Once more our country is focused on the aftermath of the death of a young black man. The frequency with which this scenario occurs is alarming, disgraceful and is not likely to change in my life time. I am a 40-year-old physician without a criminal record. I have a brother who is a Veterinarian and another an Airline pilot. Neither has a criminal record, but we all have experienced the brutality of American racism. We do not often talk about it. We live it and pray that our children will have a better experience. We want them to get a good education and not be killed by the police. That is our American dream.
The truth of what happened in Ferguson is irreverent to us because we live the brutally of knowing that at any moment we could be killed for no reason. As black Americans we have come a far way, but the fundamental problem for us has changed very little. We are not seen as humans, we are seen as murderers waiting for an opportunity. We are determined to survive so we try standing up for ourselves. However, standing up for yourself as a black man is seen as threatening. Success for us is about surviving the constant attempt to institutional us. If that can be avoided material success is possible, but only if you are not convinced to give up before you have had a chance to try. Material success is about picking your battles.
As a Physician I see the contempt patients show towards me at times, I swallow and still provide them the best care possible. I love taking care of patients and that care is not about anything but my pride in doing the best job I can. Because I provide you with care supported by the best evidence I am comfortable. In spite of providing excellent care I am challenged but nurses and patients. I often wonder what I am doing wrong, but it does not matter. I am of the wrong completion, so my care is subject to review. I need to justify my decisions with evidence, while others provide poor care and are not challenged. This is my life as a black physician.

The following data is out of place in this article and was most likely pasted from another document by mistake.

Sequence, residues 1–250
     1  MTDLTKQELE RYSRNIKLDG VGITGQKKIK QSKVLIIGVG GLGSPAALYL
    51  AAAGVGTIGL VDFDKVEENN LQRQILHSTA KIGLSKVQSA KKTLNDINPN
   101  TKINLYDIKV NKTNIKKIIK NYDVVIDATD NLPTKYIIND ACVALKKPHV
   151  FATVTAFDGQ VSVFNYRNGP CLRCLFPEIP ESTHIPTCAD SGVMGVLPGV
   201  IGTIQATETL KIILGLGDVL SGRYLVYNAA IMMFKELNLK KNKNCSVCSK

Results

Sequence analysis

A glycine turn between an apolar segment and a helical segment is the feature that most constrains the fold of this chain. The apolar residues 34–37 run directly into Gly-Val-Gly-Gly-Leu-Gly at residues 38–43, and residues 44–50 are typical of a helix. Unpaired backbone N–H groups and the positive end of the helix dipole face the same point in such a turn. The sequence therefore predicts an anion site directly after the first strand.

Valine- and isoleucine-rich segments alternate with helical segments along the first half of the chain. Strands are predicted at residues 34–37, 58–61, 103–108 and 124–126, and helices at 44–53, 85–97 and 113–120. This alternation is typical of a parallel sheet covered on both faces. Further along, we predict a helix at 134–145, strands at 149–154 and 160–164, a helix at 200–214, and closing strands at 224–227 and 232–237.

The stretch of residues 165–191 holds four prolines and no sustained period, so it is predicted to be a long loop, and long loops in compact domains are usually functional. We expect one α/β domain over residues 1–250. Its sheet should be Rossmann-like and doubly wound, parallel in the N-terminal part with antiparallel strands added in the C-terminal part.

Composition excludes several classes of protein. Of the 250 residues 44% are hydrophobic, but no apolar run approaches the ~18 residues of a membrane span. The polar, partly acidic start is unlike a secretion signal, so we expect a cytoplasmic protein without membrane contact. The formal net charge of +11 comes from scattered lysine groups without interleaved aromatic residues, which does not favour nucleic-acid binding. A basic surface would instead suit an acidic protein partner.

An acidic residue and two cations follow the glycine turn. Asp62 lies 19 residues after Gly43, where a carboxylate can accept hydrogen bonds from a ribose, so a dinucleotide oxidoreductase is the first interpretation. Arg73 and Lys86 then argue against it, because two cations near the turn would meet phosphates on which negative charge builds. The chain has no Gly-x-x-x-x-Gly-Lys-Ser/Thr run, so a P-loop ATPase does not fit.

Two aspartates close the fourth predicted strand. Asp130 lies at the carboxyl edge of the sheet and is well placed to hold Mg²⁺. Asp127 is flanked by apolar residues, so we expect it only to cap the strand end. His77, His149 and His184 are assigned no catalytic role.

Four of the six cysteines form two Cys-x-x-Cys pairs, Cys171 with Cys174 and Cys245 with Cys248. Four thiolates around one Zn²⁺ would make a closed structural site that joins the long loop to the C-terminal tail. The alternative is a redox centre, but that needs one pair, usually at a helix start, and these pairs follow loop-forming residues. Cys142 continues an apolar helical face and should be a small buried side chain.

I am strong enough because I was brought up in a culture that expected me to succeed. My early years in Jamaica has given me a belief in myself that is difficult to shake. It has been shaken, but I have recovered. Unfortunately my girls are growing up in a society that does not expect them to succeed. I will push them hard because their mistakes, no matter how insignificant, will be judged and punished harshly. I need to build in them confidence that is based on competence because our country will not give them the chances they deserve. I will teach them about how not to get killed.
The sad story is that my girls and my nieces and nephews will be at risk from violence from all sides. There is more violence in black communities both from cops and criminals alike. There is nowhere to hide, there is only learning how to manage the risk. Our treatment as black Americans is dependent on the complexion of our company. While out with my brothers and nephews we are treated like predators and undesirables. The excuses for treating us like monsters are varied but none are credible. In spite of the despicable treatment I often experience, I will still treat you well. I will still give you the best health care, although I will not be given the same treatment.
Rioting will not help nor will talking. Sorry Martin, I no longer have a dream, just a reality, ” Do Not Give Them an Excuse To Kill You”.
Be safe America.